Public  Sub  Fire(ByVal  fireDate  As  Date)
      .  .  . 
End  Sub

While this feature has been available for a number of years in the C# code editor (which uses three forward slash keystrokes instead of single quotes), it is nevertheless a timely addition to the Visual Basic .NET Code Editor.

Data Preview Dialog

The Data Preview dialog box allows you to preview the data returned by any DataComponent query in your project. To preview data, open the Data Preview dialog from the Data Designer window (shown in Figure 3-18). You can also access the Data Preview dialog from the Data Sources window.


Figure 3-18. Open the Data Preview dialog from the Data Designer

In the Data Preview dialog, first select the object that you want to preview. If the object is a parameterized query, enter parameter values in a separate control in the dialog box. Then click the Preview button to execute the query; the resulting data is displayed as shown in Figure 3-19.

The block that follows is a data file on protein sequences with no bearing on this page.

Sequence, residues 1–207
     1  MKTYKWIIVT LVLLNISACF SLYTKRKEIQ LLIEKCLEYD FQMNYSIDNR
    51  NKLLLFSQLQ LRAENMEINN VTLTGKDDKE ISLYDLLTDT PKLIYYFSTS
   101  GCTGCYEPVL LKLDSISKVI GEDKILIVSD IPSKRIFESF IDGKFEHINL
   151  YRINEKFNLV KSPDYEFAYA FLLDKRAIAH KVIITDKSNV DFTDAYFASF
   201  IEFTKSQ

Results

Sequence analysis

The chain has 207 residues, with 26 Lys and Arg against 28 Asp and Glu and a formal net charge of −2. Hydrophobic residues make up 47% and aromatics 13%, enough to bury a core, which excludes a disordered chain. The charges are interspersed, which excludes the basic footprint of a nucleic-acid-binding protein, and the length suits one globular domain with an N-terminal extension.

**Note   **Queries that change data in the database (such as the INSERT, UPDATE, and DELETE queries) will not affect the database when executed in the Preview Data dialog box.


Figure 3-19. The Data Preview Data dialog

Document Outline